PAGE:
This empirical case study examines a successful cross-disciplinary technology transfer in a non-Western country. The author argues that the invisible hand of contextual variables defined the contours of the cross-disciplinary application of engineering knowledge. More specifically, the migration of engineers, shaped largely by sociopolitical and cultural factors, constituted the pivotal part of the technology transfer. The central focus is the international and domestic context in which wartime aeronautical engineers developed the car truck of the Japanese high-speed bullet train after World War II. First, the paper analyzes the domestic and institutional context of postwar Japan—namely the Japan National Railways and Railway Technical Research Institute—to illustrate mainly sociopolitical factors that promoted the migration of the wartime engineers and cross-disciplinary technology transfer. As a case study, Dr. Tadashi Matsudaira's laboratory amply demonstrates the successful outcome of the process. The second half of this paper contextualizes the aircraft-to-bullet-train transition in a larger international framework. A series of German-Japanese comparisons highlights the sociopolitical cultures at the national level that contained accumulated wealth of wartime knowledge inside Japan. This case study is among the first to examine the cross-disciplinary transfer of military technology in an international framework.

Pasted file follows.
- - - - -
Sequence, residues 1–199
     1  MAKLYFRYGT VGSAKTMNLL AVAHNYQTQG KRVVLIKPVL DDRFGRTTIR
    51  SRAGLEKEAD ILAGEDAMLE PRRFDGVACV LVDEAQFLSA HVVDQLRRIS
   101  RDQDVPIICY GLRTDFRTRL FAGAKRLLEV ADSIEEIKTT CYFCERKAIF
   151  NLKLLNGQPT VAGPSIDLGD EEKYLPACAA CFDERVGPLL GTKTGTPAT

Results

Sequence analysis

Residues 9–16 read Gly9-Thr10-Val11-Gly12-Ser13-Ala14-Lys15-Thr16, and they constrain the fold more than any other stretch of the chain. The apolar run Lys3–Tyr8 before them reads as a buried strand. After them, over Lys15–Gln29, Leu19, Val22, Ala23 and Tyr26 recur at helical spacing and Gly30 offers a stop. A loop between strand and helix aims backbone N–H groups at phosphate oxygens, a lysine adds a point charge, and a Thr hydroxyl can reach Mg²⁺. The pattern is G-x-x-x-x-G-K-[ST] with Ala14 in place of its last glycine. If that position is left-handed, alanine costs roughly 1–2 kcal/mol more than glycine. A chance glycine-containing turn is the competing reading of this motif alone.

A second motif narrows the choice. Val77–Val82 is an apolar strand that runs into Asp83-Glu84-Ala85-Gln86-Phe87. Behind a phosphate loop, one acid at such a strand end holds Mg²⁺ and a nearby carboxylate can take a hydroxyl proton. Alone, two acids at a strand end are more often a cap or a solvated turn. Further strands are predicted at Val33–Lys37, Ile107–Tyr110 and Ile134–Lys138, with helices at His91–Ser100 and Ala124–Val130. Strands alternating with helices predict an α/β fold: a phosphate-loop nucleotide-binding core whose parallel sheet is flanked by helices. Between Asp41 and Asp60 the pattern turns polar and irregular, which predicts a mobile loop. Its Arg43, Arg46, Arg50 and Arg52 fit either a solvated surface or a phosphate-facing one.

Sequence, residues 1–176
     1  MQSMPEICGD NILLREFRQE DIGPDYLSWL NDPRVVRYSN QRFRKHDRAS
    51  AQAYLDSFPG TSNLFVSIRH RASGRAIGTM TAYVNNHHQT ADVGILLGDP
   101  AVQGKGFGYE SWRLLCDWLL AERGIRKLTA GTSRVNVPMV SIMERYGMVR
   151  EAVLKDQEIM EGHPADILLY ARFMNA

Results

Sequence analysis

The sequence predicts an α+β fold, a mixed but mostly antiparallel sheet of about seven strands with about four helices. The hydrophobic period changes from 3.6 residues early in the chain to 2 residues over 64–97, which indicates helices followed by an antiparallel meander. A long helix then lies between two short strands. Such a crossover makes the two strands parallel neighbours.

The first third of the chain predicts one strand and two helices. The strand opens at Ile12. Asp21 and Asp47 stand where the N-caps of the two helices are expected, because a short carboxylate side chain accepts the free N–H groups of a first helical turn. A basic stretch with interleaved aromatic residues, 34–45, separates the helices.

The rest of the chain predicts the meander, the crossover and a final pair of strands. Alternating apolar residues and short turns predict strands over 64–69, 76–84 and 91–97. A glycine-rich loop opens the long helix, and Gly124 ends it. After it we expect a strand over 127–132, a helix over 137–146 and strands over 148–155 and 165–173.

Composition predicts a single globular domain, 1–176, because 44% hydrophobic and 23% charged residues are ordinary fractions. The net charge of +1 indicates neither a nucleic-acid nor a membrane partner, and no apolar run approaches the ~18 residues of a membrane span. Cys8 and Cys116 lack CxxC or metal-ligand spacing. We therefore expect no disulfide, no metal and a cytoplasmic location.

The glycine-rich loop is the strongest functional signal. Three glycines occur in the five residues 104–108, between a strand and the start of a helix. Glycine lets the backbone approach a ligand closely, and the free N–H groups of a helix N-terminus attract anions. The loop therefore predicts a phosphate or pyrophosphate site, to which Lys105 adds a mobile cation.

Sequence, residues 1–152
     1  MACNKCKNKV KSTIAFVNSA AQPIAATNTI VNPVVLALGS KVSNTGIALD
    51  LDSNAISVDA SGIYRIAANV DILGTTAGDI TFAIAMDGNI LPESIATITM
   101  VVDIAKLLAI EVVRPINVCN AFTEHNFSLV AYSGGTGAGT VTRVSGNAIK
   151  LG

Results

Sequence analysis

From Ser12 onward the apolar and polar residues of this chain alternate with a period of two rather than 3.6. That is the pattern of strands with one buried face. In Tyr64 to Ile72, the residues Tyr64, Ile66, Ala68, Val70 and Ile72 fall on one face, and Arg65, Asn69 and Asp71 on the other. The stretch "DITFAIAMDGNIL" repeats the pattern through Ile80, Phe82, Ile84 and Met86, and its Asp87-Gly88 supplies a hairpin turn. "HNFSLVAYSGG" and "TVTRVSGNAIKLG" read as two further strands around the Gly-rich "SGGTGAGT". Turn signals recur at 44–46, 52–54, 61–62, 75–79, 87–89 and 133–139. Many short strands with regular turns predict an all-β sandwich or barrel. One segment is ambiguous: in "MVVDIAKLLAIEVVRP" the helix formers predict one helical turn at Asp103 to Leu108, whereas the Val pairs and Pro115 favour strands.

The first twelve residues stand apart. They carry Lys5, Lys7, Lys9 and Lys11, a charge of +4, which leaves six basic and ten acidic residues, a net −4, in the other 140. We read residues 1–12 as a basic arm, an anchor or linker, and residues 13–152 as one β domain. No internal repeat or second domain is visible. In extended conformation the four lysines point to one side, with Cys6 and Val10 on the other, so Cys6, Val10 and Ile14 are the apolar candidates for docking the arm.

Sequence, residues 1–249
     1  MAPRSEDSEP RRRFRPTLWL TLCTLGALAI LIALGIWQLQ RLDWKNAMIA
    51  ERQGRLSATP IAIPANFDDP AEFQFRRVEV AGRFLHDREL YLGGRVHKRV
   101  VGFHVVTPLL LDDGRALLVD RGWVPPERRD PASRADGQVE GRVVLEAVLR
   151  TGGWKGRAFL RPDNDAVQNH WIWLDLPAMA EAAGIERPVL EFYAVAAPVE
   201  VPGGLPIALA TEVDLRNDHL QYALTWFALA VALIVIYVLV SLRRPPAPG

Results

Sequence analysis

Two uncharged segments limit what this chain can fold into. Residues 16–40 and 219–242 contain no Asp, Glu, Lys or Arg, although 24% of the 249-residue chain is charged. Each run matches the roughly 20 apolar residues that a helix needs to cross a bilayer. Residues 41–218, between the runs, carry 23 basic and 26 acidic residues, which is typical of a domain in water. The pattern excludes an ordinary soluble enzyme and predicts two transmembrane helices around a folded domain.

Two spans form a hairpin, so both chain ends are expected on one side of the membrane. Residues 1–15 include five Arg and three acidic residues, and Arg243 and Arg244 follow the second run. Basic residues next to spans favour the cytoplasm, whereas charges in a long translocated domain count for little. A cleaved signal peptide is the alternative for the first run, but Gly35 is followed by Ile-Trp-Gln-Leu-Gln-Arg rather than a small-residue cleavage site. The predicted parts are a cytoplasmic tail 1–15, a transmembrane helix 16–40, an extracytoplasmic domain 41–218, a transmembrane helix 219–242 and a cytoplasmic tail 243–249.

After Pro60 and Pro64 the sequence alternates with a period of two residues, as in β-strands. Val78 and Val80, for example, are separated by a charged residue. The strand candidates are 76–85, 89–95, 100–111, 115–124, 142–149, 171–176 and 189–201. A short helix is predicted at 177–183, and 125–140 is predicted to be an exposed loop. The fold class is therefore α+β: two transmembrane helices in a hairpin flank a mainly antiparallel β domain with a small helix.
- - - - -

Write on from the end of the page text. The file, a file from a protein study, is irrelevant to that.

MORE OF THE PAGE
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pp. 305-325
Launched on MUSE
Open Access
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Ceased Publication
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